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A FLASHBACK WITHOUT REGRETS - by Lev Khariton



 
 
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Old July 15th 03, 08:03 PM
tomic
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Default A FLASHBACK WITHOUT REGRETS - by Lev Khariton

A FLASHBACK WITHOUT REGRETS

Meudon is a nice countryside, 15 minutes' train ride from Paris. Here I came
on January 27, 1997 to interview Boris Spassky just three days before his
60th birthday.His reminiscences concerning his past life, his chess career,
his rivals and friends will be undoubtedly interesting for all readers.
Lev Khariton

Dear Grandmaster, I should like, as many other chessplayers all over the
world, to congratulate you on your jubilee and to wish you good health, all
possible success and creativity.
Thank you for the congratulation, but what success and creativity are you
talking about? All my achievements are in the past, and the last time I
played well was the Montpellier Candidates' in 1985. If it were not for some
physical indisposition at the very end of the tournament I should have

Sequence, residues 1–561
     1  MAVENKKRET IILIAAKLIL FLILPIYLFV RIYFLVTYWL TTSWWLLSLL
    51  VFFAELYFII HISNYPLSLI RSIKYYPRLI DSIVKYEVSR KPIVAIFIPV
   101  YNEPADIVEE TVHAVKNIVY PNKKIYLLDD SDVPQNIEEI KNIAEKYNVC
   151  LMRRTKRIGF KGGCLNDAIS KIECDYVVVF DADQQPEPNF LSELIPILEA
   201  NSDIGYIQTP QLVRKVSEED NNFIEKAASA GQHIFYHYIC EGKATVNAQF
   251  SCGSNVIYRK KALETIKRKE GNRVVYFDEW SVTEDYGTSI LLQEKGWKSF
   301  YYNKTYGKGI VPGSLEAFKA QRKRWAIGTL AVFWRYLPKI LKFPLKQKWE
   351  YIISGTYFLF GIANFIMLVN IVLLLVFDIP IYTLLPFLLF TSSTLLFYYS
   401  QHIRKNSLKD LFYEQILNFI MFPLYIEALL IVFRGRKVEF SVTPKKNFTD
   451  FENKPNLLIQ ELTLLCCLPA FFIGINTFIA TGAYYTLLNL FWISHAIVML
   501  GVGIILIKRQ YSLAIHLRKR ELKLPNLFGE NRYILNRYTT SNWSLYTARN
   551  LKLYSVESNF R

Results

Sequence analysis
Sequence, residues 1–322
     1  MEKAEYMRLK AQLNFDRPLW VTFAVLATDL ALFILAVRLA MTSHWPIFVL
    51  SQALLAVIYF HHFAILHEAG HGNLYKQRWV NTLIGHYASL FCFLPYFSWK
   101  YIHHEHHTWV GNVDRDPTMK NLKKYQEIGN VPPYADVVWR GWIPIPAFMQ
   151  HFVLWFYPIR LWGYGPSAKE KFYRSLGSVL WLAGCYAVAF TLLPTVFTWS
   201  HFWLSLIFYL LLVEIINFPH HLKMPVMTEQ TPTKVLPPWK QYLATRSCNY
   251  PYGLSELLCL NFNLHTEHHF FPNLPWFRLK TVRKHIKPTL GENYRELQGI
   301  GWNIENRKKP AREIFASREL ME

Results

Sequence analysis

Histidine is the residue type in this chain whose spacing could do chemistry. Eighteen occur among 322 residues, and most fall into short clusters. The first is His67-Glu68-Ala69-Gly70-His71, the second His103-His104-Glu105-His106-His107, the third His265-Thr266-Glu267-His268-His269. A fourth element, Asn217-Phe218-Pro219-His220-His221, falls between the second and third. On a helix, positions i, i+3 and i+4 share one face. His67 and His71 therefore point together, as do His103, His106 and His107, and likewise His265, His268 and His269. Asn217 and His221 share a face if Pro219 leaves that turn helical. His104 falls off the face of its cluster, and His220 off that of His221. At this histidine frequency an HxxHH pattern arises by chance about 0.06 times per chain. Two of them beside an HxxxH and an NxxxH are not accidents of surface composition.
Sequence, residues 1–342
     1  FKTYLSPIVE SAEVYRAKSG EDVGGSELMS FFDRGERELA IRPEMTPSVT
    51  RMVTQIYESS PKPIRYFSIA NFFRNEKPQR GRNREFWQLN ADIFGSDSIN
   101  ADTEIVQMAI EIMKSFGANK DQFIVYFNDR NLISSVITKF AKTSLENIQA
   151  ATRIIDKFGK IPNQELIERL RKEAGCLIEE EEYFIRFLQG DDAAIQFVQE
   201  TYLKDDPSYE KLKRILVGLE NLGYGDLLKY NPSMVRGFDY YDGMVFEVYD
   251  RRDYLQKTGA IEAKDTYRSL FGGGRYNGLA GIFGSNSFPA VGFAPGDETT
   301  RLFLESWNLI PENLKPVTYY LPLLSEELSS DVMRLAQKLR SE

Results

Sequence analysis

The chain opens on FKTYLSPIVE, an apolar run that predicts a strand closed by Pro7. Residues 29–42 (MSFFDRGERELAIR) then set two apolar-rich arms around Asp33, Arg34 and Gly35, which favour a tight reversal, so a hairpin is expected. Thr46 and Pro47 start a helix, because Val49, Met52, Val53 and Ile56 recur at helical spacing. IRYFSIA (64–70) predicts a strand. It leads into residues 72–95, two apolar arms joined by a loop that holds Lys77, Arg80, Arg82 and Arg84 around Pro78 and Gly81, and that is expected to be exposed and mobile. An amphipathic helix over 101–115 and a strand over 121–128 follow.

qualified for the quarterfinals.
Why did you stop playing in tournaments?
I felt that I had no more energy to play, that I had lost any desire to win.
I remember that I won the first prize in Linares in 1983 leaving Karpov
behind. At that time I was already living in France, but I was still playing
under the Soviet flag. Karpov was evidently furious, and soon afterwards the
Soviets took away the red flag from my table; what is more, they deprived me
of my stipend paid by the Soviet Sports Committee. These 250 roubles I
needed very much to help my family in Russia - my mother, my brother and
sister, my children.
But the Sports Committee seems to have been 'cool' to you long before the
Linares tournament..
Well, I was the first to show how to fight against the Soviet bureaucrats
and at the same time to continue professional life. Now everybody knows how
to do it, but at that time I was the first, and, naturally, the Soviets
could not forgive me. With Korchnoi they had no problems: they knew that he
would make a lot of fuss, but then some Soviet guy would win and in the end
things would turn out OK for the Russians and everyone would be happy. As to
me, from the very start I took an independent stand and openly declared that
I did not want anything from the Soviets.
Karpov once said that in chess there are no ex-World Champions; there are
only World Champions. For example, we never say «ex-Olympic Champion».This
title is awarded for life. How can we, for instance, call Alekhine «ex-World
Champion» if he died undefeated? And all the other chess champions are chess
kings for ever...
I think in this case, as usual, Karpov was thinking of himself, but in